We are only just learning to wear masks, but since we hide behind our cell phones in public places anyway, the transition should be easy. We are pretty good at limiting contact with our elderly, either by placing them in homes or just by living far away from them as they while away their day in front of a TV set.

We are not, on the other hand very good at going to our local park and playing tennis with whoever happens to show up — which is why our community at the park is such a rarity in our world today, and why its continued existence is so precarious. We are not very good at getting to know our neighbors, much less buying the tomatoes they grow or bartering for the sweaters they knit. We are not very good at entertaining ourselves by watching the people stroll by on Main Street, or watching the pigeons fly around at a nearby lake. We are not very good at getting our hands dirty from finding a worm for fishing or sweaty when we shake hands with a stranger.

In other words, we are very good at social distancing, at staying home, at sanitizing, at isolating the old and sick. My greatest fear is that the coronavirus will make us even better. 

Ultimately, someday, the economy will reopen and people will start frequenting “nonessential” businesses again and public events. It’s not that I fear we will never leave our homes (though I do fear that we will continue to regard staying home as both safe and virtuous).

But I fear that when we do, our suspicion of each other as “asymptomatic carriers” and of any informal environment as a non-sterile vector for disease will make us less likely to allow for personal, intimate contact in business, leisure, or worship. I fear that we will frequent even more the chain stores that can afford to fully sanitize and sterilize. I fear that we will be reluctant to attend informal gatherings where we come into contact with people whose temperatures have not been taken and whose previous whereabouts are unknown. I fear we will simply be afraid of the outdoors, like many people I know who believe the virus is just in the air, guided by government exhortations to “stay inside” without any caveat about the harmlessness of fresh air.  I fear that we will be afraid to eat food from plants or animals that human hands have cared for from the seed to our plates.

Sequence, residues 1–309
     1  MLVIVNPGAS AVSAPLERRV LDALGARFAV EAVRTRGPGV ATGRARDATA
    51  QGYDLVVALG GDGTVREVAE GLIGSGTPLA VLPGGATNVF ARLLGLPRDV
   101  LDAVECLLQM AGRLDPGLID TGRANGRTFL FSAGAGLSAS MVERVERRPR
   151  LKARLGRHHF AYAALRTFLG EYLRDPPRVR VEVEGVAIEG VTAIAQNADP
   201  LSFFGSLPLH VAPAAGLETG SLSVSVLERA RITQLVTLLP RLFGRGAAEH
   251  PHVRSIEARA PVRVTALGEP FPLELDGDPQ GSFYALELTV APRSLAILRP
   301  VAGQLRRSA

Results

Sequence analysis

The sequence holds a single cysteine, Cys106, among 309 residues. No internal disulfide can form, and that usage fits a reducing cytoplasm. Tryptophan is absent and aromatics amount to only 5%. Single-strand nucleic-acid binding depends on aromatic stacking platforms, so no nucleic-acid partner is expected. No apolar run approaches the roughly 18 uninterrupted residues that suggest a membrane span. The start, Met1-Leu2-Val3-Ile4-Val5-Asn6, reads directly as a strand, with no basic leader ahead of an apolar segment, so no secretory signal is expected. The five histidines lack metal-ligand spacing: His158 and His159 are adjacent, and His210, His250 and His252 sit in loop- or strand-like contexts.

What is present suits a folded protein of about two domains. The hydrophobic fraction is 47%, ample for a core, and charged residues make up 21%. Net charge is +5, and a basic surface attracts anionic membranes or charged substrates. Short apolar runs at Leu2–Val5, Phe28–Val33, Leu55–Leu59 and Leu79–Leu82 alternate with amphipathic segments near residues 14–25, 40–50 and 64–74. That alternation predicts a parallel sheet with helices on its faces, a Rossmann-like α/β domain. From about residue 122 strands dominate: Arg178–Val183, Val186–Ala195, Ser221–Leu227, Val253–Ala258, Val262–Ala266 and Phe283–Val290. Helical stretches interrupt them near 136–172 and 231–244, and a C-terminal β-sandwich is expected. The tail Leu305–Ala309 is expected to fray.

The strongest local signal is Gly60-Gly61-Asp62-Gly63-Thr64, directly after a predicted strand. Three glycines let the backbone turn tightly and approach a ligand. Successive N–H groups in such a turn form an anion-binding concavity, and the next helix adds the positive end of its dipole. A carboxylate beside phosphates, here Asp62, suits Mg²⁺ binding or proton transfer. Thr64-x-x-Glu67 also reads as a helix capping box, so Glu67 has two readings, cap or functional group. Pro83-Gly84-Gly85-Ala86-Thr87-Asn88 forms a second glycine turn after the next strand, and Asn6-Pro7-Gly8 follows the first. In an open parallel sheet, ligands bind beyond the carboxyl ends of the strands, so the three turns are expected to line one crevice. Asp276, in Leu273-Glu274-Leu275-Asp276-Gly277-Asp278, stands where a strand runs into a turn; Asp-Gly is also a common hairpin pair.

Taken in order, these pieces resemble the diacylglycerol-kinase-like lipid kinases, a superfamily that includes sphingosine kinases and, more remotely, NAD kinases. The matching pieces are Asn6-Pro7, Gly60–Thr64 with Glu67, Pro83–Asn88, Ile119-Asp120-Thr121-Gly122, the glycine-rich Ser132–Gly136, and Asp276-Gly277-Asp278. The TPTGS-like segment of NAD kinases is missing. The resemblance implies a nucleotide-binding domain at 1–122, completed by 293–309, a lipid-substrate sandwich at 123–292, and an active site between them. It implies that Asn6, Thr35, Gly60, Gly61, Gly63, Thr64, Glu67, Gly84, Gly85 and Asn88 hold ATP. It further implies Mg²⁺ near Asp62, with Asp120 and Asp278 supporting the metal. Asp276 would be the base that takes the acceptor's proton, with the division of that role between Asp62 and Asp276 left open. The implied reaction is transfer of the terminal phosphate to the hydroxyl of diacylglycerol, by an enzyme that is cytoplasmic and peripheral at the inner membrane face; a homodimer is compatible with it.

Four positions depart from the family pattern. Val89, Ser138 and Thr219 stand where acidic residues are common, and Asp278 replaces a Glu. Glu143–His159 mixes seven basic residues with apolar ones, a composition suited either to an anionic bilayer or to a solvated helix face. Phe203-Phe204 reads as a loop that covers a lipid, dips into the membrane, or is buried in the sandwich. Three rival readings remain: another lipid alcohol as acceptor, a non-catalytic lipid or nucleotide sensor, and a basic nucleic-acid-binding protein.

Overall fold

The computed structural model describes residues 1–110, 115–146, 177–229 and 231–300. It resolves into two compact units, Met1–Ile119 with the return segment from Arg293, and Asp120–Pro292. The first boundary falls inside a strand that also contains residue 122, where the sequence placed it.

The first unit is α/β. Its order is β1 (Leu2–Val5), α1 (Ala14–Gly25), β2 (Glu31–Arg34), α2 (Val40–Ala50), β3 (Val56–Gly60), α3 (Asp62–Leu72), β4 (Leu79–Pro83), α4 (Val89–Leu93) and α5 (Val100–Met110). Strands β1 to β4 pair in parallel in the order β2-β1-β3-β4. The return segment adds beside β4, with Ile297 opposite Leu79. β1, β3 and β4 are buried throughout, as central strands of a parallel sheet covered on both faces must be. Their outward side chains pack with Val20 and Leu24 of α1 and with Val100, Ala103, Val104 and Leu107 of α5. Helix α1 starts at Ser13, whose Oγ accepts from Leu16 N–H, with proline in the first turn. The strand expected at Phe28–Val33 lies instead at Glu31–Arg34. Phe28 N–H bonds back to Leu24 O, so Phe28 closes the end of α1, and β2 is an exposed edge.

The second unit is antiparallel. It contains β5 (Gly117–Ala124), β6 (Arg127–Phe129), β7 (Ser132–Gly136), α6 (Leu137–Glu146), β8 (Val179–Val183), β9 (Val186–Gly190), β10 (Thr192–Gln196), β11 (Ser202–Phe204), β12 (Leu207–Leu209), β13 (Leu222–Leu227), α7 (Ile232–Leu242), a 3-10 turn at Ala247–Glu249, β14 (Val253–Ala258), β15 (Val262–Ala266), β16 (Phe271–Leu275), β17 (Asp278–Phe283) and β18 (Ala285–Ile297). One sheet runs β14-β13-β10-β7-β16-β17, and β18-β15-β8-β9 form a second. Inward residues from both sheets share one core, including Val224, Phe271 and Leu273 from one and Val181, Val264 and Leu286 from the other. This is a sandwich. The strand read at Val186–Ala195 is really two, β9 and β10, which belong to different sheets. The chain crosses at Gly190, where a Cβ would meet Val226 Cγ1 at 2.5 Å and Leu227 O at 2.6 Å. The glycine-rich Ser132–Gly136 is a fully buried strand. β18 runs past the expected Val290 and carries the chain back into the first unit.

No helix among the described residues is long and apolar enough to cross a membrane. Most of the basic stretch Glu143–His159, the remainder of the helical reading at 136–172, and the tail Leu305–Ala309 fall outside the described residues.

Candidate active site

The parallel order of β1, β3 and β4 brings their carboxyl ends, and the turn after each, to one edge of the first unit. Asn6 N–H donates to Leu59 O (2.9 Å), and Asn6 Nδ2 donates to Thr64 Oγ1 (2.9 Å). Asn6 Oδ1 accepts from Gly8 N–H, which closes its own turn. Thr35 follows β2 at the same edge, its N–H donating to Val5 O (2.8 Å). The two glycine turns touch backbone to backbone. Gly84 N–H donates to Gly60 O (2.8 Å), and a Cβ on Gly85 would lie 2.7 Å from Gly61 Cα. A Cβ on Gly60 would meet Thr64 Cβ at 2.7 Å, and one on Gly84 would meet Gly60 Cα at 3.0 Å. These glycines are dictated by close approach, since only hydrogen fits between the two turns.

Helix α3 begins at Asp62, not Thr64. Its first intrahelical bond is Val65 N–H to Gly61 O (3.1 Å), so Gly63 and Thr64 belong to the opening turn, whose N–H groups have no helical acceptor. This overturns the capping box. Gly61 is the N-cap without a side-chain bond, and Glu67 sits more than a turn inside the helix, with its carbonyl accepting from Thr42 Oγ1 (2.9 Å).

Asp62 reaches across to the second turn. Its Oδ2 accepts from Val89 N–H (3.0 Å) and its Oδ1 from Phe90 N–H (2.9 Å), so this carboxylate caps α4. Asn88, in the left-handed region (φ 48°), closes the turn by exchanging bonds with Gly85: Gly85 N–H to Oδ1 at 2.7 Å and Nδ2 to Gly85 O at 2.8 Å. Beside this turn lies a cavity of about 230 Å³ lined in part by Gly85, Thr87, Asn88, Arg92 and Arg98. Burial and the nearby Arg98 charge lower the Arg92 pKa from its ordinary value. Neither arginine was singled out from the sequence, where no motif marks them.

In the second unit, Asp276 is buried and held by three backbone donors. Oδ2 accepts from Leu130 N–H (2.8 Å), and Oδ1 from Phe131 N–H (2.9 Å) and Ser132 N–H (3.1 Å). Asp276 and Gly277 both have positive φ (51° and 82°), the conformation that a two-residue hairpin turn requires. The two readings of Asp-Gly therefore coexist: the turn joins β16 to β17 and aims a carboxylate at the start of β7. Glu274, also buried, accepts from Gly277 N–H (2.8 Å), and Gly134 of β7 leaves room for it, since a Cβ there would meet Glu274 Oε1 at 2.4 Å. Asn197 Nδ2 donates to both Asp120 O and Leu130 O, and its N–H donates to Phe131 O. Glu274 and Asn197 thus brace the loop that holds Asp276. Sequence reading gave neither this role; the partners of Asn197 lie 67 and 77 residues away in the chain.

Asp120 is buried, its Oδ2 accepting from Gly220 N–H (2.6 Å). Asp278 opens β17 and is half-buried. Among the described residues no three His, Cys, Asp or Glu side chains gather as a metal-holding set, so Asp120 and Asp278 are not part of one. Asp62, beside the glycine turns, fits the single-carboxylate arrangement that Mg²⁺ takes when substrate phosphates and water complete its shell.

When I first heard about the enormous drop in international travel and the potential disruptions in global trade, I thought “Great, perhaps we will get to know our own communities and local ecosystems better.” Travelling less, from a variety of perspectives, may be a good thing.  And there’s nothing inherently wrong with spending more time with our immediate families, or even just quiet time by ourselves.  I don’t think any of us will suffer too terribly from making fewer “nonessential” purchases, either.  And theoretically, we have nothing to lose by temporarily pausing from our ordinary activities in order to save lives.

But we must beware not to internalize some of the cultural shifts we are being called upon or required to make.  We must use this situation as an opportunity to take stock of how few “Netsets” we have left, how little we incorporate our elders into our daily lives, how scant is our personal knowledge of the plants and animals that surround us, how seldom we frequent the small businesses in our town, how few of our neighbors we have talked to lately — or even better, hugged.

We are already losing all of this; we must not allow coronavirus to finish it off.


Daniel Staub lives in Springfield, Massachusetts.